FAMU-FSU engineering professors Christian Hubicki and Tarik Dickens were recently honored at the 2019 National Academy of Engineering (NAE), “Frontiers of Engineering” (FOE) symposium held in South Carolina, in September 2019. Hubicki is an assistant professor of mechanical engineering and Dickens is an associate professor of industrial and manufacturing engineering.
The NAE event is an exclusive event that honors outstanding early-career engineers and brings 100 of the nation's outstanding young engineers (ages 30-45) from industry, academia, and government to discuss pioneering technical and leading-edge research in various engineering fields and industry sectors. Participation is by invitation following a competitive nomination and selection process. The event was hosted by Boeing where the group discussed cutting-edge technology in four areas of concentration including advanced manufacturing, autonomous vehicle and ethics, blockchain technology and engineering the genome. These topics are part of NAE’s 14 Big Challenges, where future challenges are expected to unleash a resurgence of new technologies around the globe.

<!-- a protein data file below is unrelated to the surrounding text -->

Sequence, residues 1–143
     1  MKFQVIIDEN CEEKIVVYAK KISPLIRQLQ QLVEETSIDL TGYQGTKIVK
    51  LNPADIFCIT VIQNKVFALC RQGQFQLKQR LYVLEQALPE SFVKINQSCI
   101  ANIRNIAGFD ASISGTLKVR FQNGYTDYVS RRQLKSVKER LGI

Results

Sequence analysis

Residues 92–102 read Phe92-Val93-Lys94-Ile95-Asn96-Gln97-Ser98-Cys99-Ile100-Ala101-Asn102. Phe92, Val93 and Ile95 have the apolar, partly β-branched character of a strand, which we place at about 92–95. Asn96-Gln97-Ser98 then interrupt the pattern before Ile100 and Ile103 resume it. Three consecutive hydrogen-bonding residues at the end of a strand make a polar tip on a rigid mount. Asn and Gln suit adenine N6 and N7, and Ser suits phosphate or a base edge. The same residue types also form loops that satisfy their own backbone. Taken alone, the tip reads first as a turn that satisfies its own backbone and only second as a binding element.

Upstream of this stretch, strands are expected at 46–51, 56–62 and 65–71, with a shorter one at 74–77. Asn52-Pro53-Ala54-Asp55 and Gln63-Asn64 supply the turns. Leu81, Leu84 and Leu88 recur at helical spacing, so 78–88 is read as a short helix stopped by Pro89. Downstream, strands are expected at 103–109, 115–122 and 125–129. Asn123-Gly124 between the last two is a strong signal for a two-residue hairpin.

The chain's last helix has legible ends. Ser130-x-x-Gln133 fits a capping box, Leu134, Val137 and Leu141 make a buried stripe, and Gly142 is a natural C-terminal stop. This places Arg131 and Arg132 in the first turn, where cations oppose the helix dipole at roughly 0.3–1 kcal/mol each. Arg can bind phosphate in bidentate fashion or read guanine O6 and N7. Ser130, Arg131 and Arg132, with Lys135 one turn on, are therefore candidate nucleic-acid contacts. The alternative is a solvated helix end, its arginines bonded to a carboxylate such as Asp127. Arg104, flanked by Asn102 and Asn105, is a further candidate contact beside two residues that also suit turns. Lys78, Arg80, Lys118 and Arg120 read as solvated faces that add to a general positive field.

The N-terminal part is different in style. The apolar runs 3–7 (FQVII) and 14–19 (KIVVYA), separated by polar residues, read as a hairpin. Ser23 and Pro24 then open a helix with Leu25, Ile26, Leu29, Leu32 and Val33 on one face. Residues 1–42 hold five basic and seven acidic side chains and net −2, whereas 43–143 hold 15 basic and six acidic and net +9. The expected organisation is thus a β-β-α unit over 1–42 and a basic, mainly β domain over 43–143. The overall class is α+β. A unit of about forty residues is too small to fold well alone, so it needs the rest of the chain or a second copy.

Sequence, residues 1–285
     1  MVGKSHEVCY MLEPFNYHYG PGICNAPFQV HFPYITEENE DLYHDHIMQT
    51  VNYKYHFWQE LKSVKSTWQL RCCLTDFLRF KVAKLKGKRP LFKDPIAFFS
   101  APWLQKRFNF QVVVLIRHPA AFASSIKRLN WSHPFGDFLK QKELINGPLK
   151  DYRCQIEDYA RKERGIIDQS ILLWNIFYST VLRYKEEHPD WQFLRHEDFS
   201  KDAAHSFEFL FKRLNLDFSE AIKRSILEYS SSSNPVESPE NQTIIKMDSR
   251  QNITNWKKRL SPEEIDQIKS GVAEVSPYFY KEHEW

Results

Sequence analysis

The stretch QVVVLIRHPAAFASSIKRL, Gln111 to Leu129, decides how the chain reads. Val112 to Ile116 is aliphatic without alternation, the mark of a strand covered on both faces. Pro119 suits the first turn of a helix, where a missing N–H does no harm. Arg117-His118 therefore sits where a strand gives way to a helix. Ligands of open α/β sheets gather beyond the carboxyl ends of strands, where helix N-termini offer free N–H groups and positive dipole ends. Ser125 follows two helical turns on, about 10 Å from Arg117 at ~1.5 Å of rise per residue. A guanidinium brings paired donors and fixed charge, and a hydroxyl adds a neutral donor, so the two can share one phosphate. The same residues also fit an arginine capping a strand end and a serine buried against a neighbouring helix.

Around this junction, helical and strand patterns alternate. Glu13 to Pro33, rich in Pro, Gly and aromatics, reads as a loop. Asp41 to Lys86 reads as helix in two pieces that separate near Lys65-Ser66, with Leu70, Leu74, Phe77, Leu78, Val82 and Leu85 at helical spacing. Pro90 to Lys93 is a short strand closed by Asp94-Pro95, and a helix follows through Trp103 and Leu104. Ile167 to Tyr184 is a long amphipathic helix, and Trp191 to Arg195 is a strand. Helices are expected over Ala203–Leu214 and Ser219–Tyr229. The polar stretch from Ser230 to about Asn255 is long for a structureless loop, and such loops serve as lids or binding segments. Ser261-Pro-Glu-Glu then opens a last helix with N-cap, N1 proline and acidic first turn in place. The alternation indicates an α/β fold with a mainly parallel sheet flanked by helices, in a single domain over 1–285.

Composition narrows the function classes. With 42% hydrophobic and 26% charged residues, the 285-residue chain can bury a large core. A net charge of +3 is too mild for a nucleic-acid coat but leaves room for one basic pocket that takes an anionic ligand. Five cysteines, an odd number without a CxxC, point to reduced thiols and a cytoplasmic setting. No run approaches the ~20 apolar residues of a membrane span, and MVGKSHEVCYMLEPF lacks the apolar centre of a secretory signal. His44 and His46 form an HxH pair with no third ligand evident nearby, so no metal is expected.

Dickens co-chaired one of the sessions entitled, “Advanced Manufacturing in the Age of Digital Transformation” with Boeing’s Li Chang and a member of the U.S. FOE committee chaired by Jennifer West (Duke University). The session highlighted research in digital manufacturing and featured Boeing's commitment to new design principles as a holistic value proposition for industry. The four speakers who provided insights for the digital transformation were Gabriel Burnett (Boeing), Christapher Lang (NASA Langley), Hubicki and Pam Kobryn (Air Force Research Laboratory). Other sessions featured Frontier's discussion on gene editing, autonomous vehicles and the fast rise-decline-rise of blockchain.
Dickens was honored as an organizer for the event.
Hubicki presented his work exploring “The Challenge of Bipedal Robotics” and was given a Gilbreth lectureship by a vote of the attendees. This prestigious national-level award, named after industrial engineering pioneer Dr. Lillian Gilbreth, is a way NAE recognizes outstanding early-career American engineers. The lectureship includes an invitation to speak at the next NAE meeting in Irvine California next spring. The meeting will include academy members as well as 100-200 local school students to spark their interest in engineering.